One of the fundamentals of the principles of natural justice is the rule of audi alteram partem12. The said rule in its fullest amplitude means13 that a person against whom an order to his prejudice may be passed should be informed of the allegations and charges against him and be given, inter alia, an opportunity of submitting his explanation thereto. A corollary, therefore, deduced from the audi alteram partem rule is, qui aliquid statuerit parte inaudita altera aecqum licet dixerit haud aecquum fecerit, that is, "he who shall decide anything without the other side having been heard, although he may have said what is right, will not have been what is right"14. Courts throughout the world have consistently recognized that a fair hearing goes a long way to ensure that the justice is not only done but, manifestly seen to be done.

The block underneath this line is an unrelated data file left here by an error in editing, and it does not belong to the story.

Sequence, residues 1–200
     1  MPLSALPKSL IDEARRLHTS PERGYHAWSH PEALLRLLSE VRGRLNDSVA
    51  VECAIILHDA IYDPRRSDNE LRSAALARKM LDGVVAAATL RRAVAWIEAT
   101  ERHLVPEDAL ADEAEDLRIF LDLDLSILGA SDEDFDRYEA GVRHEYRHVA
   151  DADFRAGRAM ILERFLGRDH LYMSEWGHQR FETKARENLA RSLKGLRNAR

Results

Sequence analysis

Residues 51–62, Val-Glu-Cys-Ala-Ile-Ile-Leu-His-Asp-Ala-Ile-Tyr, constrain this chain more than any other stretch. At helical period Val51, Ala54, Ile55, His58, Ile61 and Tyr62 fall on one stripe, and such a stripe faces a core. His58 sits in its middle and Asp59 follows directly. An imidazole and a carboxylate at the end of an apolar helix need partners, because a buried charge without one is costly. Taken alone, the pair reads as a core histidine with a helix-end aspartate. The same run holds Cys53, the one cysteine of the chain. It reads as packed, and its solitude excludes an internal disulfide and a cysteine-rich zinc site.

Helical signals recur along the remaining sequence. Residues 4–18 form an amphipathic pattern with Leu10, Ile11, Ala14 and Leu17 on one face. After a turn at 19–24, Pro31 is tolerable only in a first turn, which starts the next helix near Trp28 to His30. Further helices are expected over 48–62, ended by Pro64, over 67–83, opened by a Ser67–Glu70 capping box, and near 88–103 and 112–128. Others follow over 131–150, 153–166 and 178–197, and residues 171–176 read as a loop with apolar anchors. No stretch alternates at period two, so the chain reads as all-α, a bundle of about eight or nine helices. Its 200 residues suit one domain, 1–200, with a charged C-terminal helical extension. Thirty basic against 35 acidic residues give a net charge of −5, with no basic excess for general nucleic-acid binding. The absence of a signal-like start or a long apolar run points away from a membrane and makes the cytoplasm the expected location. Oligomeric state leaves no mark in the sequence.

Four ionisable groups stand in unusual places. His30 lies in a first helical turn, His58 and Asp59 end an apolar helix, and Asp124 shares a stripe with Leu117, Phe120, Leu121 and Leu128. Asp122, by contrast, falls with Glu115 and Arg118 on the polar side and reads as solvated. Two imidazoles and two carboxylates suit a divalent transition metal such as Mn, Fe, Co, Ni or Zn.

It is often claimed on behalf of a person against whom Court may initiating the proceedings in terms of Section 195(1)(b)/ 340 CrPC, that such "would-be accused" must be afforded an opportunity of hearing before any complaint is made to the Magistrate in terms of the said provision(s). However, such argument is based on a flawed understanding of the provisions of Section 340 CrPC and the purpose of inquiry contemplated therein. As aforementioned, the object of preliminary inquiry stipulated under Section 340 CrPC is to only determine whether it is expedient, in the interest of justice, to inquire into the offence based on the materials available before Court. Further, Section 340 CrPC confers only a discretion15 on Court to conduct preliminary inquiry for such determination. However, where a Court is otherwise in a position to form an opinion regarding the initiation of proceedings/ making complaint in terms of Section 340 CrPC, the Court may dispense with the preliminary inquiry. It is settled law16 that under such cases, mere absence of any preliminary inquiry would not vitiate a finding reached by the Court regarding its opinion.